The Centers for Medicare and Medicaid Services (CMS) has proposed changes with the 2019 Merit-based Incentive Payment System (MIPS) for payment year 2021 that will impact rehabilitation clinicians.
CMS released the preliminary 2018 Proposed Rule “Medicare Program, Revisions to Part B for Calendar Year 2019, the Shared Savings Program Requirements, the Quality Payment Program and Medicaid Promoting Interoperability Program“. The Proposed Rule included adding physical and occupational therapists as eligible clinicians for the 2019 MIPS performance year (2021 payment year). You can find all 1,472 pages here. I haven’t fully read the document because it is so darn long. In skimming it, I found a few things in which you all need to be aware.
The biggest proposed change for MIPS that affects rehabilitation providers is the inclusion of physical therapists, occupational therapists, clinical social workers and clinical psychologists as newly added eligible clinicians. There may also be additional eligible clinicians added. These include: qualified speech-language pathologists, qualified audiologists, certified nurse midwives, and registered dietitians or nutrition professionals. The inclusion of the additional eligible clinicians is dependent upon the number of quality measures specifically available for them. If there are not six MIPS quality measures available to them they might not be included as MIPS eligible.
If you find yourself now included as MIPS eligible, it gets a bit tricky. You may actually be excluded; you may be able to opt-in, voluntarily report and not participate; or you may be required to participate. By opting-in, you agree to a positive, neutral, or negative MIPS adjustment. By voluntarily reporting, you remain excluded and receive no MIPS adjustment, but you get the chance to do a trial run and find out how ready you may be to participate next year. The reporting can be at the individual clinician level, a group level or even a virtual group level. Your options for determining the type of participation available to you are dependent upon 3 factors. These factors include the number of Part B patients treated by the clinician or facility, the number of professional services provided and the amount of Medicare payment. The proposed rule has a cute little table that explains the low-volume determination threshold so much better than any words.
In reviewing the document, the calculation of the number of beneficiaries, dollars paid and covered professional services is based on claims data. For 2021 payment year, it’s kind of weird how the determination is going to be done. The proposed change for the 2022 payment year makes more sense (January 1, 2020 – December 31, 2020). But, for 2021 payment year, it’s really confusing to me. It seems two chunks of data are used: from October 1, 2017 through September 30, 2018 and from October 1, 2018 through September 30, 2019. I don’t quite understand why it is broken up into two chunks of time. If this site remains active, you can input your National Provider Identifier to determine know your participation status by performance year. However, since it is not known how soon CMS will be able to have your information ready to officially determine your 2019 status, you might want to take a run at estimating your own numbers based on the thresholds shown in the table above to get an idea ahead of time.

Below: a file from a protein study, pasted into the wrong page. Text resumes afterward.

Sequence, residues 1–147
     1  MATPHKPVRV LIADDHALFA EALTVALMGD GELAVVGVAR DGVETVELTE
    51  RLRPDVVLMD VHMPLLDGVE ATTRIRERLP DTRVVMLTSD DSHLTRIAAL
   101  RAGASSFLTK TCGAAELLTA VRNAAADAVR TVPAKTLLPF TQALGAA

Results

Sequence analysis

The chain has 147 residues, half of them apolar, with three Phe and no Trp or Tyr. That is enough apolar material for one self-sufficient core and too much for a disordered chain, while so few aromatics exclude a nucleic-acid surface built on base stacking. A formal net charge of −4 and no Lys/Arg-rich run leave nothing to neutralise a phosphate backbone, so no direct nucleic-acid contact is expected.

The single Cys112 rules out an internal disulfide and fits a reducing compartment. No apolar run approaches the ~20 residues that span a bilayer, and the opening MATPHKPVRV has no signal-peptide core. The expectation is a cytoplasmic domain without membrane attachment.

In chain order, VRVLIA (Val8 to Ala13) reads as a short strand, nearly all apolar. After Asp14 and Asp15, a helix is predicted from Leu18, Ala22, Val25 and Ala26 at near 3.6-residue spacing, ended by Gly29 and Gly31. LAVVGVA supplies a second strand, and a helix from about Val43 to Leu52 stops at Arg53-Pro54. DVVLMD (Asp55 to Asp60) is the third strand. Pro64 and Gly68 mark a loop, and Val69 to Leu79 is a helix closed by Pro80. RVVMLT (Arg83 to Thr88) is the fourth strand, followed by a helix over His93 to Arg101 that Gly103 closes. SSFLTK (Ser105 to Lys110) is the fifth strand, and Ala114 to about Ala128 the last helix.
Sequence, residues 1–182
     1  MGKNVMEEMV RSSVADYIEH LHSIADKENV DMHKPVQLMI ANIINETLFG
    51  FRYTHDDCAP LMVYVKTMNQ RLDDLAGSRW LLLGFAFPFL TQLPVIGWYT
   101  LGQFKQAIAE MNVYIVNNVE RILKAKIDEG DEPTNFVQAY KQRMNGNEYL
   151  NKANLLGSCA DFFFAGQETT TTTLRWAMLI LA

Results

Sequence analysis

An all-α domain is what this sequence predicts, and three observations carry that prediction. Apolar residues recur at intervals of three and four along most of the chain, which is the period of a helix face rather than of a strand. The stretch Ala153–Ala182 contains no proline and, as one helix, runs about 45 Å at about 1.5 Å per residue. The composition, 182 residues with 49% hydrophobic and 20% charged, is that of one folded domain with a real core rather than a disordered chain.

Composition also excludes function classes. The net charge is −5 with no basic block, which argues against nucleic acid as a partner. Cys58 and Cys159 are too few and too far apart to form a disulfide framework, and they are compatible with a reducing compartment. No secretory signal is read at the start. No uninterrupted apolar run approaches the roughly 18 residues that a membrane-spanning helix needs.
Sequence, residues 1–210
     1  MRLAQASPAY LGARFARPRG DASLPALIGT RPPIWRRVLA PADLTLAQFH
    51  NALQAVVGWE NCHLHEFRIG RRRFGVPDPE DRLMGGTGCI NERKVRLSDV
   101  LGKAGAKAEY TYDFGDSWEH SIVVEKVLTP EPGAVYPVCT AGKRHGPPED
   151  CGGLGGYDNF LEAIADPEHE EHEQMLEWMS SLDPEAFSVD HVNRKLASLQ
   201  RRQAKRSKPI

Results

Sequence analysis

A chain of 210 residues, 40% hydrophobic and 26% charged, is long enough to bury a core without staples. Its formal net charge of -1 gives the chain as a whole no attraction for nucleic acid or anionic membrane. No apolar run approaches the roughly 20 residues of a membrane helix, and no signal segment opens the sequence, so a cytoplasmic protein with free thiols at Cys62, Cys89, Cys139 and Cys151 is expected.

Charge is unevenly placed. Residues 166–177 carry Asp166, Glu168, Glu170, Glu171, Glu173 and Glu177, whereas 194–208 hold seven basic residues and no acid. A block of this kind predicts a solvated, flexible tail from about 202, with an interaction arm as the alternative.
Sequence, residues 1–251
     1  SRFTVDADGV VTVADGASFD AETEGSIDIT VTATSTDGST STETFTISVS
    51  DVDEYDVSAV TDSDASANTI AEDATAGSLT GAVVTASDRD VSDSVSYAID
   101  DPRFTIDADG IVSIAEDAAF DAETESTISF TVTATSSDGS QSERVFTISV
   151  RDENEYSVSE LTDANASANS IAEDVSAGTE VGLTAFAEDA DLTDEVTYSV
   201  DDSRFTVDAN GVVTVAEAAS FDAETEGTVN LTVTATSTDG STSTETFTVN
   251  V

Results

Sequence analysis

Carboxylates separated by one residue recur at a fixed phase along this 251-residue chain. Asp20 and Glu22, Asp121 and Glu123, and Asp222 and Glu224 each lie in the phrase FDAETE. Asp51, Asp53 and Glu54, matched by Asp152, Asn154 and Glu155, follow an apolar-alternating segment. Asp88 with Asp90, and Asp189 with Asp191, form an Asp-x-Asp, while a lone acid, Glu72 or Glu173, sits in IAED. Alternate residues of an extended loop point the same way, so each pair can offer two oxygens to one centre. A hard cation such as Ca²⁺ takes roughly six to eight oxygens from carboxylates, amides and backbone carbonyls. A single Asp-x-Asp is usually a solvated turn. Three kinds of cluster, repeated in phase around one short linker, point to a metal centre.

For the proposed new eligible clinicians, there is no requirement to report on the Performing Interoperability (PI) category during 2019. CMS is inviting comments on the PI category.
For the proposed new eligible clinicians, the cost performance category weights will continue to be considered and CMS is inviting comments.
The new eligible clinicians will be required to report on improvement activities. The proposed rule indicates that those activities are acceptable for this group of new eligible clinicians.
The Proposed Rule shared the specialty measure set of quality measures for physical therapists and occupational therapists on page 1403 – 1406. The proposed quality measures are very similar to the previous Physician Quality Reporting System (PQRS). The proposed quality measures are of two measure types: process and outcome. Process measures comprise the bulk of the specialty measures. The measures address fall risk, body mass index, documenting current prescribed and over-the-counter medications along with supplements, assessing pain and addressing pain, and assessing function. The list of outcome measures for physical therapists and occupational therapists only includes seven NQF endorsed patient reported outcomes measures that are stewarded by Focus On Therapeutic Outcomes, Inc. (FOTO). Explore outcomes measures in this CMS tool. Eligible clinicians opting-in, voluntarily reporting and required to participate will need to report on a minimum of quality measures.
More good news contained in the Proposed Rule was removal of the functional Limitation Reporting (FLR) requirements for rehabilitation providers after January 1, 2019. This means therapy providers would no longer be required to submit the functional limitation G-codes and severity modifiers to CMS.
I know the FOTO team has been reviewing the Proposed Rule to best determine how to help the eligible clinicians to meet the quality indicators. I’m sure you’ll hear more from FOTO in the upcoming weeks.
Until next time,